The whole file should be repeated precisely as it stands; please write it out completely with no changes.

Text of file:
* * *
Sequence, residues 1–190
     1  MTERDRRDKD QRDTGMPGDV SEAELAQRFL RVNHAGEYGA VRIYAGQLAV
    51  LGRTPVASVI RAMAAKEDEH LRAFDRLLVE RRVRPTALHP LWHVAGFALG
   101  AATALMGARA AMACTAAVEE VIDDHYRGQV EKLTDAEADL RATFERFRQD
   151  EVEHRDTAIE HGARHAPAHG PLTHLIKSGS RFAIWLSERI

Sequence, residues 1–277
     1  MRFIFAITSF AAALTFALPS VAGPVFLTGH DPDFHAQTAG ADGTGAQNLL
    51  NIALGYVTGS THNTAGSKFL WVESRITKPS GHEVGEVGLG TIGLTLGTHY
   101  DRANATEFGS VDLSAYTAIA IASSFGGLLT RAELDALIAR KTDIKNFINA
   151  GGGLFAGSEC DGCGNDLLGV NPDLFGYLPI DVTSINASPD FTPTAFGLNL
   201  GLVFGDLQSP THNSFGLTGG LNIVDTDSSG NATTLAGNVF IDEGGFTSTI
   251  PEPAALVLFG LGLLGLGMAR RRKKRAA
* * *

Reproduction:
Sequence, residues 1–190
     1  MTERDRRDKD QRDTGMPGDV SEAELAQRFL RVNHAGEYGA VRIYAGQLAV
    51  LGRTPVASVI RAMAAKEDEH LRAFDRLLVE RRVRPTALHP LWHVAGFALG
   101  AATALMGARA AMACTAAVEE VIDDHYRGQV EKLTDAEADL RATFERFRQD
   151  EVEHRDTAIE HGARHAPAHG PLTHLIKSGS RFAIWLSERI

Sequence, residues 1–277
     1  MRFIFAITSF AAALTFALPS VAGPVFLTGH DPDFHAQTAG ADGTGAQNLL
    51  NIALGYVTGS THNTAGSKFL WVESRITKPS GHEVGEVGLG TIGLTLGTHY
   101  DRANATEFGS VDLSAYTAIA IASSFGGLLT RAELDALIAR KTDIKNFINA
   151  GGGLFAGSEC DGCGNDLLGV NPDLFGYLPI DVTSINASPD FTPTAFGLNL
   201  GLVFGDLQSP THNSFGLTGG LNIVDTDSSG NATTLAGNVF IDEGGFTSTI
   251  PEPAALVLFG LGLLGLGMAR RRKKRAA